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Re: lynx-dev update

From: Foteos Macrides
Subject: Re: lynx-dev update
Date: Thu, 28 May 1998 11:47:08 -0400

address@hidden (Michael Sokolov) wrote:
>> Do you have a projection of when a binary will be available?
>   I'm assuming that you mean the DOS binary, not the VAX Ultrix
>one, right?


>    Well, before I can make a binary I first need to port
>Lynx v2.7.2 to DOS, and I haven't made any steps in this
>direction yet. Strictly speaking, I need to complete my work
>on DOSSOCK and 32-bit True DPMI before I can even start porting
>Lynx to this environment.

I guess my question then boils down to whether you have a
projection on when those will be available, and apparently
it's still too soon for you to make one.

>                            Once these two cornerstones
>are in place, the Lynx-specific part should be very easy.

The two main things beyond networking and DPMI issues are
the URL_path to/from file_system interconversions, and
compressed file handling.

>> Will the binary be useable with WIN95  homologously to
>> Wayne's Borland-compiled binary and the MingW32 binary?
>   Since Win95 contains DOS386, the reference implementation
>of True DPMI, the Lynx executable will run beautifully under it.
>It will access the network via DOSSOCK, so if you need it to
>use Win95's native networking implementation, you'll need a
>DOSSOCK shim for Win95. I'll definitely provide one, although
>I don't know yet whether it will access the Win16 WINSOCK DLL
>via an inter-VM communication mechanism or talk directly to the
>VxDs used by this DLL itself (VIP.386, VTCP.386, etc.).

There's also the issue of whether/how to use threading, and in
turn whether that creates compiler dependencies.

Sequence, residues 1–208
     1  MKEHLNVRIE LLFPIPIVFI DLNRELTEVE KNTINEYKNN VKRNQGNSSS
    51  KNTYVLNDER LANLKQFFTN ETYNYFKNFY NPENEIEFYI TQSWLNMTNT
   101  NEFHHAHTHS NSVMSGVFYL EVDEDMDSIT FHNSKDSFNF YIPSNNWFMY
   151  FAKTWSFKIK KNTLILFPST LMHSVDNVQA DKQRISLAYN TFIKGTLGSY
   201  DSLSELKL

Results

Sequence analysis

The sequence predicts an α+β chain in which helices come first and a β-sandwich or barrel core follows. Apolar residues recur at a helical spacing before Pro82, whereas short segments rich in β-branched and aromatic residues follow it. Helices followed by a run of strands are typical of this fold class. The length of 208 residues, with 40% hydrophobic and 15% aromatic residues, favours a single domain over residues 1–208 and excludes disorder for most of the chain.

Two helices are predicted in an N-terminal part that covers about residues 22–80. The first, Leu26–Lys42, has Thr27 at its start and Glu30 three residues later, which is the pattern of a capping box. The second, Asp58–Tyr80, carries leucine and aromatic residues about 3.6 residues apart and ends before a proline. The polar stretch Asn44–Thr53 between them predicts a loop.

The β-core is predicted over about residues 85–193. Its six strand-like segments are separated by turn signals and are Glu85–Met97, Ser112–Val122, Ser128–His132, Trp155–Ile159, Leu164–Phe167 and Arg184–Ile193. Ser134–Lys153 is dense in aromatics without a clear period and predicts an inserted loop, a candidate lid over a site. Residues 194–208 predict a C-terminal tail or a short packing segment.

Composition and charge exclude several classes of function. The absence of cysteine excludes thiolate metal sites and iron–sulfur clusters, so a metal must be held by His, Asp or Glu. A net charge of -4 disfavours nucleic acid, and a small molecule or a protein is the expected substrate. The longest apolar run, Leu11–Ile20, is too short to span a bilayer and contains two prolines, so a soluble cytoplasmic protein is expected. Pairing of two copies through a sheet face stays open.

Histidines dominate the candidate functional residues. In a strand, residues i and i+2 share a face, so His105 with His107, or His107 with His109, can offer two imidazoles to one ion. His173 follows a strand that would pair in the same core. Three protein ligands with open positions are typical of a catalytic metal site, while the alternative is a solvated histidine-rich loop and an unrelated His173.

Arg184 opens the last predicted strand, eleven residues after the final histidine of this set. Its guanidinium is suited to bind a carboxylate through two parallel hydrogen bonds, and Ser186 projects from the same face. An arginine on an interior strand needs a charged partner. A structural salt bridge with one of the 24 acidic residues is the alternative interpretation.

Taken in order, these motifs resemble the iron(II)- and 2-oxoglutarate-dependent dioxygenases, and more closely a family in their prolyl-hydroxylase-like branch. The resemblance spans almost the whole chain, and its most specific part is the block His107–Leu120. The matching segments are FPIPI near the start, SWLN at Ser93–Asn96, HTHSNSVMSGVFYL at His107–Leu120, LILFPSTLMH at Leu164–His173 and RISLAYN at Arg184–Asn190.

>> Note that MSIE and Opera can't access your ftp server.   MSIE
>> hangs, and Opera immediately issues a can't connect message.
>> The MS standalone ftp does succeed, as do the two Lynx binaries.
>   Hmm, this is interesting. My FTP server is the most "straight"
>and classical one: a UNIX machine with FTP access enabled via the
>appropriate line in /etc/inetd.conf and anonymous FTP enabled via
>the appropriate line in /etc/passwd. I don't know what could be
>better. OTOH, the OS is Ultrix, which diverges from Berkeley
>UNIX(R) at the level of 4.2BSD (the very first ARPAnet-capable
>version of UNIX in history) and loses the significant networking
>improvements of later versions of Berkeley UNIX(R) (primarily
>4.3BSD and 4.3BSD-Tahoe). If/when I manage to get a copy of those
>tapes Harhan's service should improve dramatically.

 The MSIE ftp gateway is poorly implemented in a number of
respects, but I was surprised that Opera had problems as well,
particularly because those two Lynx binaries didn't.  The Lynx
gateway is using PORT, which works fine with your ftp server.
Your server doesn't know SYST, and returns 500 for that, so
Lynx has to guess what kind of server it is.  Lynx thus does
a PWD for the login directory, then on getting "/" for that
does an MACB, which fails, leading to the inference that it's
a "straight" and classic UNIX machine.  I mentioned it because
the DJGPP binary has problems with ftp (and news) for reasons
that are not yet understood.  But apparently, "strange" failures
can occur, at least for those two GUIs, even when using the
WIN95 native networking implementation.

 On a related note, I've gotten lots of info about the
WIN95 API at this point, though I'm still just "digesting" it.
It has all the VM functions a programmer could want for checking
memory useage and making rational decisions on whether to dump
any VM cache.  The page file size supposedly has a maximum of
4 GB, with sub-maxima of 2 GB for users and 2 GB for the kernel,
and functions also exist for checking page file useage directly.
But having no hands on experience yet with programming for that
API, I was hoping someone would comment on Bela's assessment of
it's bugginess, and prediction that disk caching would be better
in this case.  Particularly with that API having the reputation
of being "whatever MicroSoft did last month", a disk caching
strategy seems more likely to be stable across upgrades of the
API.  On the other hand, I haven't fully grasped what your
"True DPMI" will offer that might be more stable compared to
"whatever MicroSoft did last month".  If disk caching is used,
there's also the option of mapping source files to be treated
like memory (the "most" strategy), which would be fine for source
files (as opposed to the rendered structures for use of software
as a hypertext browser, not just file viewer :).

Foteos Macrides

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